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Rogers labors, Marlins silent in Game 1 loss

@JoeFrisaro
September 12, 2020

Through two innings on Friday, everything was a breeze for Marlins rookie Trevor Rogers. The 22-year-old left-hander was sailing along, having struck out five of the first seven batters he faced. After that, things unraveled. Rogers recorded just three more outs, and the Phillies -- behind Andrew McCutchen’s two-run homer

Through two innings on Friday, everything was a breeze for Marlins rookie Trevor Rogers. The 22-year-old left-hander was sailing along, having struck out five of the first seven batters he faced.

After that, things unraveled. Rogers recorded just three more outs, and the Phillies -- behind Andrew McCutchen’s two-run homer and Rhys Hoskins’ three-run blast -- rolled to an 11-0 win over the Marlins in the first game of a seven-inning doubleheader at Marlins Park.

“They just kind of jumped him a little bit that second time through,” Marlins manager Don Mattingly said. “They looked like they were zoned in on him pretty good. I don't think anything major [was different]. It's a veteran club. They're going to have a chance now when they look at you, seeing your work. Seeing what you do and seeing what you don't do as much.”

Box score

Aaron Nola held the Marlins hitless until Brian Anderson’s leadoff single in the fifth. Anderson finished with two hits off Nola, and Isan Díaz added a single. Nola went seven innings, striking out 10.

“He was really good,” Mattingly said of Nola. “And then you get behind big. I thought he was really good. He wasn’t making mistakes that were leaking in the middle. He was on the edges all day.”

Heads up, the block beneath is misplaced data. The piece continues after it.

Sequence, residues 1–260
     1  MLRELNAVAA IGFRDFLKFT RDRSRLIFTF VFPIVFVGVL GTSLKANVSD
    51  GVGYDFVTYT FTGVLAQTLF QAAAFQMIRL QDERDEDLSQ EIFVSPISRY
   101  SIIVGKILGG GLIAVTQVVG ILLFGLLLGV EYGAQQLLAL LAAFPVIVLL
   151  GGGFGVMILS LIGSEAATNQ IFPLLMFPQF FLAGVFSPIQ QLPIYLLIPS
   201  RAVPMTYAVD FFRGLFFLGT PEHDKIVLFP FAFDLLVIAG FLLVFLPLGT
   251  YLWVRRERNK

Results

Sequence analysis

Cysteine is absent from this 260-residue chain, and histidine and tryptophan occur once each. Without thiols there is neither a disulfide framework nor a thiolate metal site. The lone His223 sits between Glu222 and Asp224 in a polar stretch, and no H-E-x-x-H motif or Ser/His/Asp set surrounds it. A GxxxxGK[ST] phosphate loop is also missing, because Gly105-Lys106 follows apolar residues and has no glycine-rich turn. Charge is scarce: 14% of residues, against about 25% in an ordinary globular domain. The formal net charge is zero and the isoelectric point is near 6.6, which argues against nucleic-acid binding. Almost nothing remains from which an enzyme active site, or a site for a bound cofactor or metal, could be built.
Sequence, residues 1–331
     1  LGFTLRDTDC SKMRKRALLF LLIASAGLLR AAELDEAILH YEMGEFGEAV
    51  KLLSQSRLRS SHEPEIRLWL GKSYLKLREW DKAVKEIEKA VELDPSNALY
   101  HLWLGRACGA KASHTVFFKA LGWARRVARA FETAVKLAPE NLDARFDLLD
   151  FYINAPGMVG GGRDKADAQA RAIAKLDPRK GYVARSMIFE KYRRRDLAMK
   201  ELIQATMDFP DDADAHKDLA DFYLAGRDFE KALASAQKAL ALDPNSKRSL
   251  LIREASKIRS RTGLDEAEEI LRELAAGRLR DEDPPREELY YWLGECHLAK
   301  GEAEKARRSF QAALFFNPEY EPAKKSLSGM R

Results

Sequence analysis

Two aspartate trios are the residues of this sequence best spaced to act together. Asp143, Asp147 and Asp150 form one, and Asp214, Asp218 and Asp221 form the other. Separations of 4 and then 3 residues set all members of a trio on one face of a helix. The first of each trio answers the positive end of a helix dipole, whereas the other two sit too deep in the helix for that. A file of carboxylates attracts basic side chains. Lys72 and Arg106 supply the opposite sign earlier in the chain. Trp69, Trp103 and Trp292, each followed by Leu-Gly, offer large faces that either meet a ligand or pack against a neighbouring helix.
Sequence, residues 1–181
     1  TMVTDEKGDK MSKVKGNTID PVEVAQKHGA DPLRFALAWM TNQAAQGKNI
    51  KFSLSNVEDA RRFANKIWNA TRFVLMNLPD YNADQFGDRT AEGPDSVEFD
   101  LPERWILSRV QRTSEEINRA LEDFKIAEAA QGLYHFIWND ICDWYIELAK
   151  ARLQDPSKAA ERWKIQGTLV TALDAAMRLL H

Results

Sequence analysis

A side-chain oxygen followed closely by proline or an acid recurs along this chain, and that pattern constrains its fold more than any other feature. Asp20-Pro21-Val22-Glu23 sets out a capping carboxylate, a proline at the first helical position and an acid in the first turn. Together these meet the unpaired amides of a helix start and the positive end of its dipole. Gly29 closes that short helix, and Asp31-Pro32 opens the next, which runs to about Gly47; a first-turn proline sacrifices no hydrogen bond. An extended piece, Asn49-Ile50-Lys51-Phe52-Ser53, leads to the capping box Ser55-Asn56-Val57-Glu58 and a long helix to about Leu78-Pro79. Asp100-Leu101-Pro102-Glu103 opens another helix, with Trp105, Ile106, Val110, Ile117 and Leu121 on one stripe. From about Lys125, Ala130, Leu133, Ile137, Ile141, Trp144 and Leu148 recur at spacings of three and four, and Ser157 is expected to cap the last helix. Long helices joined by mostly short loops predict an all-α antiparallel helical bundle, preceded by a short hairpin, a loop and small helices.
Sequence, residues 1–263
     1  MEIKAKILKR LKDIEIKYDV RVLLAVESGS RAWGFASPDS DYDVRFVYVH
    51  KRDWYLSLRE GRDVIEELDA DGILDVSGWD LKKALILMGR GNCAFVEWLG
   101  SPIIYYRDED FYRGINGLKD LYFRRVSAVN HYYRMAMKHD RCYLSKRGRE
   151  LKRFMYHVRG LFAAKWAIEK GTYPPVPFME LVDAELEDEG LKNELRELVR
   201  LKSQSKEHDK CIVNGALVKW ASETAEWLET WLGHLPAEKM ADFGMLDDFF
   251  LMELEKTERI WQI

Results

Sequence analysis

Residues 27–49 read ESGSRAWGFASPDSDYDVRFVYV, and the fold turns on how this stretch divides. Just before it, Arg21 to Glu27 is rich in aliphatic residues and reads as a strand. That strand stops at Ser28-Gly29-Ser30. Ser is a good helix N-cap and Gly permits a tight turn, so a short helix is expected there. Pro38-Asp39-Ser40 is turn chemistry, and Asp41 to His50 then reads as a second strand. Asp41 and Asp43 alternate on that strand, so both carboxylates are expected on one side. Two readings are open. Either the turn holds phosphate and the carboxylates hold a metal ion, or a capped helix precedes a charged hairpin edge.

As rough as the 11-run setback was, Miami used just two pitchers. Robert Dugger picked up the remaining four innings.

Rogers, making just his fourth big league start, endured his most humbling outing. Ranked by MLB Pipeline as Miami’s No. 9 prospect, he entered the game with a 3.00 ERA through his first 15 Major League innings.

In Rogers’ previous outing, last Sunday against the Rays in St. Petersburg, he struck out 10 while allowing three runs in six innings in a no-decision.

Early in Game 1, it appeared Rogers was dialed in for another high-strikeout performance. McCutchen led the game off with a double, smoking a liner that had an exit velocity of 109.9 mph.

Rogers shrugged that off and fanned Hoskins, Bryce Harper and J.T. Realmuto in order. His velocity in the first inning was as high as 95.4 mph. In the second inning, Rogers racked up two more strikeouts in a clean inning.

The Phillies broke through and piled on Rogers with four runs in the third. McCutchen belted his two-run homer, and Jean Segura added a two-run double with two outs.

“It gets harder,” Mattingly said. “It doesn't get easier. I thought that was a veteran club taking advantage of him.”

The Phillies hit Rogers hard in his start, with seven balls in play tracked by Statcast at more than 100 mph: McCutchen’s double, Alec Bohm’s 104.1 mph groundout, Adam Haseley’s 105.6 mph double, McCutchen’s 102.8 mph home run, Hoskins’ 104.8 mph single, Segura’s 105.8 mph double and Hoskins’ 103.1 mph homer.

Hoskins’ homer ended Rogers’ day after 71 pitches, 49 of which were strikes.

In the fourth inning, Rogers’ four-seam fastball velocity dipped. Of the two he threw in the inning, the highest was 92.3 mph, per Statcast. In the first inning, he threw three four-seamers, with a high of 94.8 mph.

The sinker, a pitch the lefty threw often, maxed at 91.7 in the fourth inning after reaching 95.4 mph in the first.

The way the Phillies locked in on Rogers had the Marlins wondering if the lefty might have been tipping his pitches.

“He's been pretty clean,” Mattingly said. “We'll look at it. If there is something there, we'll address it. It's just hard to address it during the game, if you think he's doing something.”

Joe Frisaro has covered the Marlins for MLB.com since 2002. Follow him on Twitter @JoeFrisaro and listen to his podcast.